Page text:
Alycia gets her day in court

"I just want to say I'm so glad this is over," said former CBS anchor Alycia Lane, as she left a New York City courthouse this morning. "And I want to thank all of those who supported me and believed in me. And I just look forward to moving on with my life now."

At the hearing (and as we reported would happen) Lane's attorney David Smith and Manhattan Assistant District Attorney Michael Greenman agreed to an adjournment in contemplation of dismissal, or ACD. It's essentially a six-month-long slow dismissal of her case. Our Feb. 8 report suggested the six-months was probation, but it is not. There is no court supervision, or reporting to court, during the six-month period, and so long as Lane doesn't get in any more legal trouble in New York, at least until September, her case will be formally declared dead.

Lane's settlement includes one day of community service. Smith submitted a letter from Philadelphia's Project H.O.M.E. shelter that Lane had already spent a day volunteering at the homeless welfare organization. Who knew? A message left for Project H.O.M.E. director Sister Mary Scullion, to ask about Lane's civic service, was not immediately returned today.

Lane, of course, was charged with hitting a police officer in New York City on Dec. 16, 2007.

Asked what was next for her, Lane said, "I don't know yet." Her civil lawyer, Paul Rosen, however, said she "has so many offers coming in now."

On the legal front, though, this is it for these charges, which were changed at today's hearing because the court found the officer's scratches didn't rise to the level of a felony charge.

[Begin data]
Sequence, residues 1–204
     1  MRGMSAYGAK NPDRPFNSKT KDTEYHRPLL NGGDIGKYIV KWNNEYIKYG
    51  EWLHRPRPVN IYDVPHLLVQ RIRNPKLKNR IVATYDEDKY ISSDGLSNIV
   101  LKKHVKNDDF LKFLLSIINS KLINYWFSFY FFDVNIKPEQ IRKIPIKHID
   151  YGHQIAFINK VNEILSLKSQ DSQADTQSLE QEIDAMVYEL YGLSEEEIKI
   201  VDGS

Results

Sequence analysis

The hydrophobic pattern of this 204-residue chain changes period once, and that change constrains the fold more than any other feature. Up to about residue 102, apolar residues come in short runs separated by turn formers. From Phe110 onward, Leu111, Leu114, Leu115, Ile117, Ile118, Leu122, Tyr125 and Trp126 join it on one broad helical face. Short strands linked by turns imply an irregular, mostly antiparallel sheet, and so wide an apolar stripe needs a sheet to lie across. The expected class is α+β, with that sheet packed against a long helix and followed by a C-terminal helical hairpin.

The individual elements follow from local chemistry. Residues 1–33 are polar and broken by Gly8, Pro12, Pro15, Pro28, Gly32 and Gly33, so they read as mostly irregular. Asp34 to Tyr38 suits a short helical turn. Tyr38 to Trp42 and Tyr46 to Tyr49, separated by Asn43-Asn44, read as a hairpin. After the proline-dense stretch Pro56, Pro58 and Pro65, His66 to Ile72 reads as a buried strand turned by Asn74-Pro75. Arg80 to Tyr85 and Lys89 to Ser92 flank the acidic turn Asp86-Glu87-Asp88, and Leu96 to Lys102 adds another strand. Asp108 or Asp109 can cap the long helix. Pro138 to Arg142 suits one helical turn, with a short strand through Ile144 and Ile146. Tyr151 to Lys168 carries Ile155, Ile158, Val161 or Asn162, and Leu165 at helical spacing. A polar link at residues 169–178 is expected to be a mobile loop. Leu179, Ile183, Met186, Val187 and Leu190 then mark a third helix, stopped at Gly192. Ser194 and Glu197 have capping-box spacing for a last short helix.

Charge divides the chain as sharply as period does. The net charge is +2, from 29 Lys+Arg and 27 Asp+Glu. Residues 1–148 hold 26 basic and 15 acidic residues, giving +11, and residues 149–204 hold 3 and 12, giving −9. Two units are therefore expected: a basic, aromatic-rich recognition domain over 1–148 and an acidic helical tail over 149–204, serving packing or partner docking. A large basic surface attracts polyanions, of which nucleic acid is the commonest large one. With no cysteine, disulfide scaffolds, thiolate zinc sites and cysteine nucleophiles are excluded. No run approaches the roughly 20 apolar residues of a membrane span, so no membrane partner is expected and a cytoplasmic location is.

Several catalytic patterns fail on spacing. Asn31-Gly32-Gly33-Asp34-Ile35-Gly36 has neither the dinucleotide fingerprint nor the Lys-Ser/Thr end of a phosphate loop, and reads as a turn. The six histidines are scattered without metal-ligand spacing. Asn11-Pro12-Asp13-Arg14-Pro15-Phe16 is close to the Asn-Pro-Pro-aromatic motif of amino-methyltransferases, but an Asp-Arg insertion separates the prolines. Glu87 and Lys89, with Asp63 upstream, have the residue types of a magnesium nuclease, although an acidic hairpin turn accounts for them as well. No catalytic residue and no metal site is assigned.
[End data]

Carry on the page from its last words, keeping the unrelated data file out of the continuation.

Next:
"Alycia continues to maintain that she is innocent of these charges," said Smith. "The felony charge of assaulting an officer was rightly dismissed. We are confident that as this goes forward Alycia will succeed in her life. It is important that everybody knows that she is not on probation. She does not need to return to court and this matter will end in a complete dismissal -- with the arrest and prosecution being a nullity, as if they had never existed."

And that lawsuit against CBS, which fired her after the incident? It's proceding "full speed ahead," Rosen said.

The four-minute hearing drew NYC and Philly media, as well as celebrity website TMZ. The lovely ex-anchor was clad in somber black, and beau Chris Booker took the day off from his radio show; he was there, too. So were Lane's parents. Afterward, Lane and family were quickly ushered by private security into a black Cadillac Escalade.

As for Booker, Q102 program director Rick Vaughn claims the entire Booker show asked for this day off weeks ago. But station sources told us he was expected to work as late as 5 am this morning, just an hour before his show.

Lane, we're told, has hired big time PR man Matthew Hiltzik to repair her image. Hiltzik, who we believe was the guy who gave us the stink eye as we waited to speak with Smith, handled Don Imus during HoGate and has also worked with Hillary Clinton and another famous CBS anchor, Katie Couric.

However, Smith denied Hiltzik is working for Lane. And Hiltzik did not immediately return an e-mail asking both for confirmation that he's working with Lane, and whether he was in fact, the person staring us down.

We asked CBS3 for a reaction to the Alycia outcome: "As we have said previously, we made a decision in January that was not based solely on the New York incident of December 16 but rather on a series of judgments made by Alycia when she was working at CBS 3.  As we did then, we continue to wish her the best in all of her future endeavors," said CBS3 President Michael Colleran in a statement.